Episodes: Seasons 1 & 2
Showtime // Unrated // $39.98 // January 8, 2013
Review by Matt Hinrichs | posted January 8, 2013
M O V I E
V I D E O
A U D I O
E X T R A S
R E P L A Y
A D V I C E
Highly Recommended
E - M A I L
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R E V I E W S
Graphical Version

The TV Series:

The second season of Showtime's acclaimed comedy series Episodes has arrived on DVD - packaged with the first season, which came out on disc a scant seven months ago. Although one has good reason to quibble with Showtime's marketing practices (and, pray tell, where's the blu-ray?), this double-disc set serve as a good, concise helping of one of the funnier Hollywood-On-Hollywood sendups currently playing.

Episodes' m.o. comes in exposing Tinsel Town's long history of taking British television programs, tweaking them a little, and then putting them on American television. There was All in the Family, which originated in England as Till Death Us Do Part. And then Three's Company, which began life as Man About the House. Many of these transformed shows are successful (The Office) while some of them are total bombs (Coupling and The I.T. Crowd, whose American remake never made it past the test pilot stage). The savagely hilarious Episodes is a show about a show turned into another show by the suits in Hollywood.

Episodes follows the saga of married British screenwriters Beverly and Sean Lincoln (Tasmin Grieg and Stephen Mangan), who endure a series of indignities (and a few triumphs) as their hit sitcom gets exported to American television. The award-winning Lyman's Boys, about the head master at a boy's school, is purchased by an American network. So impressed by the show is the president of the network, Merc Lapidus (John Pankow), that he travels to England to personally invite the Lincolns to America. Confident they can recreate the spark of magic that made them successful in their home country, the pair wing their way to Los Angeles blissfully unaware of what lies in store. They even bring along the star of their show (Richard Griffiths) - who is old, overweight and speaks with a English accent.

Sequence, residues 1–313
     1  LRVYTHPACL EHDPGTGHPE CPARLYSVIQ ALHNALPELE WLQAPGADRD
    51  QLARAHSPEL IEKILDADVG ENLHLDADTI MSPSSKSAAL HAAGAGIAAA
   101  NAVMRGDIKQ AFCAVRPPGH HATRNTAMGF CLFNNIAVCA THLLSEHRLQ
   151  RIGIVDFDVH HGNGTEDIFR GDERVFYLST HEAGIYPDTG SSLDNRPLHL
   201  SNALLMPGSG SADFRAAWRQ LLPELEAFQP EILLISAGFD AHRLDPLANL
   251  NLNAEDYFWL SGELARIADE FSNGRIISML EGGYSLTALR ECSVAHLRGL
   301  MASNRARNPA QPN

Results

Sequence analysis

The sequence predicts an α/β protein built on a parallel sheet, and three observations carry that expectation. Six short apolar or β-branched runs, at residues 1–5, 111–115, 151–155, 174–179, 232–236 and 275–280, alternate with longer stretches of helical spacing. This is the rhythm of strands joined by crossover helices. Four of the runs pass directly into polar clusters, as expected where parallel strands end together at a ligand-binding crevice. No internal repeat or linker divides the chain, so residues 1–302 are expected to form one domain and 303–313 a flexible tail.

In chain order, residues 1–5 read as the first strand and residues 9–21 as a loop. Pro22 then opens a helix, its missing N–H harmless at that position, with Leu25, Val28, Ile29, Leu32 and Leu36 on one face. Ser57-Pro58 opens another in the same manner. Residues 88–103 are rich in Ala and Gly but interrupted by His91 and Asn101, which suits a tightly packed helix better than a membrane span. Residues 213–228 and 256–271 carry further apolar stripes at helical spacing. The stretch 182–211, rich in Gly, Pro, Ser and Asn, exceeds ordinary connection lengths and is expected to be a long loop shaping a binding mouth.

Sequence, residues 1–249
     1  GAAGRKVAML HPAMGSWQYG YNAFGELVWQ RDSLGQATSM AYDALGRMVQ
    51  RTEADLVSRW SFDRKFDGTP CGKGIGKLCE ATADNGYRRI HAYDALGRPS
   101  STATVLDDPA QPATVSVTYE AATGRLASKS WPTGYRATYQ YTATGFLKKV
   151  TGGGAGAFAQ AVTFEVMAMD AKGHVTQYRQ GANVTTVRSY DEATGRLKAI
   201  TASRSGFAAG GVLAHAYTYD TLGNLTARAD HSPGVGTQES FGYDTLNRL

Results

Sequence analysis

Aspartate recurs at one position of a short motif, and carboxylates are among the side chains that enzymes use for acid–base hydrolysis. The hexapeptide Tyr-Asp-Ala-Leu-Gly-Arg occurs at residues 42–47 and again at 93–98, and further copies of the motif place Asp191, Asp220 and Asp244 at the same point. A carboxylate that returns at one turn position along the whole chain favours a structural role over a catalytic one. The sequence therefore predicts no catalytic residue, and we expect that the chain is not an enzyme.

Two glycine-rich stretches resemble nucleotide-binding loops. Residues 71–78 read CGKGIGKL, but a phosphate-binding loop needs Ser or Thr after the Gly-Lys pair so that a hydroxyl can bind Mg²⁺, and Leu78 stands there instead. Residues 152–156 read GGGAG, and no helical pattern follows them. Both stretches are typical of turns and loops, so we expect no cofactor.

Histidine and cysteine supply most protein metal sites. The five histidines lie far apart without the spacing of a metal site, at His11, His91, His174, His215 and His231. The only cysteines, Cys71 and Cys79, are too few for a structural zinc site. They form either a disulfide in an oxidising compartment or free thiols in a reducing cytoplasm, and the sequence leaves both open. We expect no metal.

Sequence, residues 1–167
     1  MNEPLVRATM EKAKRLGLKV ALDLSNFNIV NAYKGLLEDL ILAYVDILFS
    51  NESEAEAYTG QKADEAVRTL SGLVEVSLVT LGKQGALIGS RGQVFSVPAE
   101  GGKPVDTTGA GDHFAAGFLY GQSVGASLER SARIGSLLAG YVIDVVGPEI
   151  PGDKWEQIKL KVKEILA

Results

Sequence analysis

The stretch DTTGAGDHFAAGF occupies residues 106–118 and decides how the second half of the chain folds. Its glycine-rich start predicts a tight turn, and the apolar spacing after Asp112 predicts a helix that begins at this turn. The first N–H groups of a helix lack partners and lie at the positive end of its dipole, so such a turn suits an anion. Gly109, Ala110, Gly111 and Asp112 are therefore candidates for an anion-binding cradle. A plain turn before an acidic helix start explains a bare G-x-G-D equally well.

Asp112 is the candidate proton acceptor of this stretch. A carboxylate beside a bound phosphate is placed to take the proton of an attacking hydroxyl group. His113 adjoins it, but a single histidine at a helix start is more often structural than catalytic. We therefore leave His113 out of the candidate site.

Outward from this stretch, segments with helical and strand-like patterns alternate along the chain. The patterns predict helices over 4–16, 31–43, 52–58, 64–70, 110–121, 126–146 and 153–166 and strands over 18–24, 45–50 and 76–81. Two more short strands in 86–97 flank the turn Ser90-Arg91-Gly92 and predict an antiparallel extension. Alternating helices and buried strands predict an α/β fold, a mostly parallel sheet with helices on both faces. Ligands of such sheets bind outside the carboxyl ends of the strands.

So it begins as the show-within-a-show Lyman's Boys suffers a prolonged death by a thousand little changes. The network brass decide against the original star and ask the show's creators to replace him with Matt LeBlanc (playing himself). The Matt LeBlanc portrayed in this show is a fatuous, smarmy type who is self-aware enough to know that the network is counting on the name brand of an ex-Friends star to bring in viewers. Neither Beverly nor Sean like him or are particularly impressed with his resume; but they bow to network pressure. Of course, someone as young as LeBlanc can't be the head of a boy's school, so the network suggests they make him a coach instead. And, instead of calling it Lyman's Boys, why not call it Pucks! and make LeBlanc the coach of a school hockey team. Cast a hot blonde (Mircea Monroe as the mysteriously ageless Morning Randolph) as the school librarian with an unspoken attraction for LeBlanc's character, etcetera, etcetera.

Of course, Pucks! is nothing like Lyman's Boys and the show's creators are tormented by having to appeal to the lowest common denominator and continue with a show they now hate (not enough to stop taking in big paychecks and demeaning work, however, which generates lots of friction in their marriage).